Tomorrow sees the start of the COP26 event in Glasgow – and David Attenborough will be there making the case for nature:
“It’s not too late to win the fight against the climate and nature crises. Given the chance, nature can recover in the most remarkable ways.” Sir David Attenborough joins us in highlighting the role of nature in tackling climate change #COP26
This is part of the push by the Wildlife Trusts:
With a specific call made in a report submitted earlier this month:
The Wildlife Trusts’ COP26 report says it’s time to tackle the twin crises at speed
Devon Wildlife Trust says ‘Now is the time for bold action…so that nature and climate feed into everything we do’
The Wildlife Trusts are calling on the UK Presidency of the global climate conference COP26 to tackle the nature crisis alongside the climate emergency – or neither will be solved. The charity has published a COP26 edition of its nature-based solutions report, Let Nature Help. It explains how climate change is driving nature’s decline, whilst the loss of wildlife and habitats leaves us ill-equipped to reduce emissions and adapt to a changing world.
Here’s that report:
Let nature help: How nature’s recovery is essential for tackling the climate crisis
The time is now: To deal with the climate crisis, we must bring nature back on an ambitious scale
The world is starting to take note of the threat of climate catastrophe. In response, the UK government has joined many governments around the world in setting a net zero emissions target in law. Yet we cannot tackle the climate crisis without similar ambition to meet the nature crisis head on – the two are inseparable. The climate crisis is driving nature’s decline; the loss of wildlife and habitats leaves us ill-equipped to reduce our emissions and adapt to change.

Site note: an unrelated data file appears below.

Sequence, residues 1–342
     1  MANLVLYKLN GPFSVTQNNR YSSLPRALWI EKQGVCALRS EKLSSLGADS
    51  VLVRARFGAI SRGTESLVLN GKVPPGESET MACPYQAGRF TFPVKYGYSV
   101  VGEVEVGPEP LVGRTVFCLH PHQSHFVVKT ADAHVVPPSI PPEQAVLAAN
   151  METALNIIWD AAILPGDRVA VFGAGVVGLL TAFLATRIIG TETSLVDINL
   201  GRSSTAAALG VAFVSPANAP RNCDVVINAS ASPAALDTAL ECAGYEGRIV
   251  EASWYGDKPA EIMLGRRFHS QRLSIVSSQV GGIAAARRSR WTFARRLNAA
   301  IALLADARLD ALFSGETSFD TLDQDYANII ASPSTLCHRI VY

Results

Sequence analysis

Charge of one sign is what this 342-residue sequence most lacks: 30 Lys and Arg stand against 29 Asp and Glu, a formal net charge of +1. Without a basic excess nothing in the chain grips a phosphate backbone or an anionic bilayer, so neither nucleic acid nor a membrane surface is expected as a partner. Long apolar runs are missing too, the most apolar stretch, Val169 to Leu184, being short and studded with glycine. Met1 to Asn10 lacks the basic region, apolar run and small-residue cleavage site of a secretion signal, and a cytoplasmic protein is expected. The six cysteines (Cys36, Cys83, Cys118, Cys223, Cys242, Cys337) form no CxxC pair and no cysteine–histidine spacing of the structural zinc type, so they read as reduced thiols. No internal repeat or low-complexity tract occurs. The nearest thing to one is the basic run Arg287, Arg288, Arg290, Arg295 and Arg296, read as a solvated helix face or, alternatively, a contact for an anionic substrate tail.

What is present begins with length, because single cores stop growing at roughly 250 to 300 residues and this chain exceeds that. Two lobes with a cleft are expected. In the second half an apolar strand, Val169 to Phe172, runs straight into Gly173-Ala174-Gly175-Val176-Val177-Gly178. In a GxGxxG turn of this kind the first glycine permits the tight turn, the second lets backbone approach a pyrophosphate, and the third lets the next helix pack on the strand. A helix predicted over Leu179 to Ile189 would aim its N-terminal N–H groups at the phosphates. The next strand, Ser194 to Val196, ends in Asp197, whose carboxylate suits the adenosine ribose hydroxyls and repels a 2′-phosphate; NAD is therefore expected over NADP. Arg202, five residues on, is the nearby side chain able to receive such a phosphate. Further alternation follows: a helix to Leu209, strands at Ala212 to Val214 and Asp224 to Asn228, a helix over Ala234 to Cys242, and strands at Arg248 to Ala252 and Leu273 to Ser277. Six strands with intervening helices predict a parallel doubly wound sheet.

Nature’s incredible ability to trap carbon safely and provide other important benefits is proven. But nature in the UK is in a sorry state and important habitats are damaged and declining.
Rapid cuts in our emissions must be matched with determined action to fix our broken ecosystems, so they can help stabilise our climate. We must bring nature back across at least 30% of land and sea by 2030. Restoring wild places will also revive the natural richness we all depend upon, making our lives happier and healthier.
The Wildlife Trusts have a big part to play in delivering this recovery. We are already stepping up to the challenge, but we also need decision makers, communities, businesses and everyone else to come along with us.
We must act now and we must get this right. According to the Intergovernmental Panel on Climate Change (IPCC), decisions we take in the next 10 years are crucial for avoiding total climate catastrophe. We must kickstart nature’s recovery and make nature-based solutions a priority.
Craig Bennett CEO, The Wildlife Trust
As highlighted by the Sid Valley Biodiversity Group:
And pretty much everyone else: